Gris-Gris, an online journal of literature, culture & the arts
Fiction   /   Nonfiction   /   Poetry

Megan’s Guitar

by Darrell Bourque


for Megan Barra
after her textiles
Woman with Guitar, I
& Woman with Guitar, II 


You’ve curled nearly every line

in this piece you made.

You live inside a curved world.

Within the frame you’ve silked a guitar

& its bifurcation holds us to your intent:

one half of the guitar holds red dragon songs,

jazz contusions, anthems, and honky tonk tales;

the other half holds those delta blues &

spirituals & songs to go to sleep in.

In your hand nothing is clutter &

you have stitched places where wide pockets

of silence can reside side by side

with desire, what your ribs feel when

you think your heart will burst finally

& for good. The frets you’ve left

mostly outside the frame for us

to imagine. You are generous that way,

giving us a place to fix our fingers,

to move & press & make a music

given us by all these fans and the winds

bright brocade & shantung bring us to.





Bright brocade & shantung bring us to

ourselves in the way some songs bring us

to ourselves. Damask songs cross

oceans and silk songs are road songs

we sing however we happen to find

ourselves traveling. Memory sings

on denim and canvas and duck & on

fine-threaded cottons & on lawn even

if our travels are very fine travels

inside the timbre of some distant time.

The blues know no particular place

or space even if they seem to insist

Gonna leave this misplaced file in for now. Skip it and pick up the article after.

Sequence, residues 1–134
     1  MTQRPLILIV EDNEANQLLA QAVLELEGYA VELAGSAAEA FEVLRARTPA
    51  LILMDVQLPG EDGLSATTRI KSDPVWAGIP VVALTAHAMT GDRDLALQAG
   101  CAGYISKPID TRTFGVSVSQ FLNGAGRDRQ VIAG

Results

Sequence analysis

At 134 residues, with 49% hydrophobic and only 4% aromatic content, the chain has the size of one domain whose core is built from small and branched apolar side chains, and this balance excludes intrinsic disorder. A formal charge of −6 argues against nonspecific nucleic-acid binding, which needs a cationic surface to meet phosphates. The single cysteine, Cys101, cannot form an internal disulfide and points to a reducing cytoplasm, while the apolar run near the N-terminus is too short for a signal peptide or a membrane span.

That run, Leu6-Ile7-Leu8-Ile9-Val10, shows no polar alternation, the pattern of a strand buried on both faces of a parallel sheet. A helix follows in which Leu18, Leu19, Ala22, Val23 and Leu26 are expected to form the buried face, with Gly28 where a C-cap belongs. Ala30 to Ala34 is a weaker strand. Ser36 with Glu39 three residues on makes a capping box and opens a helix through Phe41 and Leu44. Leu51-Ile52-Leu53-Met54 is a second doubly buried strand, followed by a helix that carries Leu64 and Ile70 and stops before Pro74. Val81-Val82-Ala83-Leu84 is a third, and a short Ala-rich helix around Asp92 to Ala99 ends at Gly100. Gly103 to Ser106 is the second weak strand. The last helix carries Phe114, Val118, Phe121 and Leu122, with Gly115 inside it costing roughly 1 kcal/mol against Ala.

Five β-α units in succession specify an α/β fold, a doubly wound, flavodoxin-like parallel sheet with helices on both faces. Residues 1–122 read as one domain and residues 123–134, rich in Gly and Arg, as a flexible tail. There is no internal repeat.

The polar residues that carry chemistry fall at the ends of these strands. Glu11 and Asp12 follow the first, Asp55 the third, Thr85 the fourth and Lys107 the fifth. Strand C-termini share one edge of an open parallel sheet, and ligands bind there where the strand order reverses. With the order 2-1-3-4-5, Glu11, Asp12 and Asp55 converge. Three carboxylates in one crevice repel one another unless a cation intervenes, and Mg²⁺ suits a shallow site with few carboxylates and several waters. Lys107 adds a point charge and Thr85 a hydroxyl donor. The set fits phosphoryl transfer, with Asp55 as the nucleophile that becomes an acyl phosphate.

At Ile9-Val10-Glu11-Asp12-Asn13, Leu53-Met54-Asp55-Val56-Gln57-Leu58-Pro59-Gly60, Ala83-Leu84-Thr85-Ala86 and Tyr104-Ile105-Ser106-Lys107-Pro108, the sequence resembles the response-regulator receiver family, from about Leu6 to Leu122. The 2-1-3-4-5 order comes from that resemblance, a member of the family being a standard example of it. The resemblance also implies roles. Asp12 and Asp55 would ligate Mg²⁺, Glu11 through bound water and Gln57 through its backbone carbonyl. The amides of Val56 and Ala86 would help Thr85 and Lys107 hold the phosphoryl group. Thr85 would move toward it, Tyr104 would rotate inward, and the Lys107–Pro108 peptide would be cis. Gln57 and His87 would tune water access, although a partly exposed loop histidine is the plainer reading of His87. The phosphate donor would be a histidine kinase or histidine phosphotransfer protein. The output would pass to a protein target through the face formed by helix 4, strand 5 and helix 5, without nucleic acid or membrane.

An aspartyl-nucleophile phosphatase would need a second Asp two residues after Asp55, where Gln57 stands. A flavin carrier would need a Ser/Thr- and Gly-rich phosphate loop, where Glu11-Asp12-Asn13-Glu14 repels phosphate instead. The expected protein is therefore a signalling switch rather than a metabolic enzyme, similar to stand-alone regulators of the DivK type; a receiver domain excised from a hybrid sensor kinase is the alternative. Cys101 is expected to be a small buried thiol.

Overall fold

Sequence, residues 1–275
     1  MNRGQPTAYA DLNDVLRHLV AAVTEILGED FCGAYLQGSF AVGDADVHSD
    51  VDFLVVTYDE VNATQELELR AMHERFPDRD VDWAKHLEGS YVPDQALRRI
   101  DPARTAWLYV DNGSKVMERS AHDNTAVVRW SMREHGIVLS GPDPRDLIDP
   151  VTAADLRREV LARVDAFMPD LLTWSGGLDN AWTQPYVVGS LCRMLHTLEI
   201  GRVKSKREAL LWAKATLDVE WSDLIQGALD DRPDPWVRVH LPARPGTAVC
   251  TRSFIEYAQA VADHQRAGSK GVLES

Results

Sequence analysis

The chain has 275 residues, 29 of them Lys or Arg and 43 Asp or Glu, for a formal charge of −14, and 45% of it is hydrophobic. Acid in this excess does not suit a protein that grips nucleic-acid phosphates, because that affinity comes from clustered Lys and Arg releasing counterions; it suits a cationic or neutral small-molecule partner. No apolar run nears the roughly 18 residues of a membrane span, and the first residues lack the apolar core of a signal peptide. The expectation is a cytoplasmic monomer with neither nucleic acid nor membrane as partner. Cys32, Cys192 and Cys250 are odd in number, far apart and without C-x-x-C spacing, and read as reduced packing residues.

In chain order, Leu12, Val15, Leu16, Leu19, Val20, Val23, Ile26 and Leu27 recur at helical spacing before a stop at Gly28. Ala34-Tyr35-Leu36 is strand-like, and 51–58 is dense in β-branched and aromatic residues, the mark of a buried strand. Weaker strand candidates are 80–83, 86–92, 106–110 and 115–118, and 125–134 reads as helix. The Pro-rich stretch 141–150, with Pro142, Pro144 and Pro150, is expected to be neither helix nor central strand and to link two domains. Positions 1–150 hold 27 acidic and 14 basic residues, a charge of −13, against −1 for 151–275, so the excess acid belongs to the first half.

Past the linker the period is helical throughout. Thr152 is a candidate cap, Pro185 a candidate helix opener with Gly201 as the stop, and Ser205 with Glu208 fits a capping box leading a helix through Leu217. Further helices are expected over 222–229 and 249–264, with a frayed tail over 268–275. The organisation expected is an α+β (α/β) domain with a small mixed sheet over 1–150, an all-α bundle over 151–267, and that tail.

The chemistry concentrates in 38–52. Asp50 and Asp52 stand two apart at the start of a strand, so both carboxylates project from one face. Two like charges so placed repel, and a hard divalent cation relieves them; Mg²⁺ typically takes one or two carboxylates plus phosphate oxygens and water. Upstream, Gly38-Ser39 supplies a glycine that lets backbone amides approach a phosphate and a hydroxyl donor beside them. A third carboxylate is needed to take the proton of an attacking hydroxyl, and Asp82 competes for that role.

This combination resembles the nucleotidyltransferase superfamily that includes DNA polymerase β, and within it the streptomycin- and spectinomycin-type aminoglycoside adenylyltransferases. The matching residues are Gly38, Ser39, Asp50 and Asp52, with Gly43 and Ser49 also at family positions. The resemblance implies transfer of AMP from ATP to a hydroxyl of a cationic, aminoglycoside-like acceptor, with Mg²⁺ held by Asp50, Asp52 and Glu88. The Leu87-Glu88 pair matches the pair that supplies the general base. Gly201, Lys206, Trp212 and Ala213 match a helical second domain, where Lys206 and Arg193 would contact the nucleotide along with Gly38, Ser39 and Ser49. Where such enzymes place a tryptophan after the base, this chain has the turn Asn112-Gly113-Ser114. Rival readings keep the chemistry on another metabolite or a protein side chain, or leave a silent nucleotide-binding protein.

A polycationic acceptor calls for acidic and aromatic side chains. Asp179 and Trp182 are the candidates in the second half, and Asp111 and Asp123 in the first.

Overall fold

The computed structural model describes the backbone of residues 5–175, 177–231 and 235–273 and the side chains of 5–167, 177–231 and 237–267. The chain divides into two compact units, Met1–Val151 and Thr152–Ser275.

that this desire measuring itself out

in singing is the only desire worth

a song. Blues hold the heart close

to what it wants and cannot have

in song time. The frets carved

& pierced we bring our fingers to

in the hope of touching who we are.

Songs are in fingers as they are

in heart and brain and belly and feet




& they travel wherever heart and brain

and belly and feet drag us to and will not

let us go, or get off easy. Songs of worry,

a compensation of chords to get us back

to who we are inside our dreams. People

we know live inside some songs, the old

people, brave ones, walkers and riders,

people on ships looking for some place

to be. And when we bring the guitar

close to the body as the woman does

in these pieces fashioned after song,

we can hear histories that matter to us.

The woman’s placed the instrument close

to where she breathes & it rests on a knee

perhaps. She takes to the frets for histories

we didn’t know were ours to tell, of people

we didn’t know we knew: stories of Mi’qmac

& Attakapas, of the old men of Martaize’ &

Saint Domingue, of Broussards & Trahans,

of Castilles & Babineauxs wavering like time

inside this curved & trembling world of ours.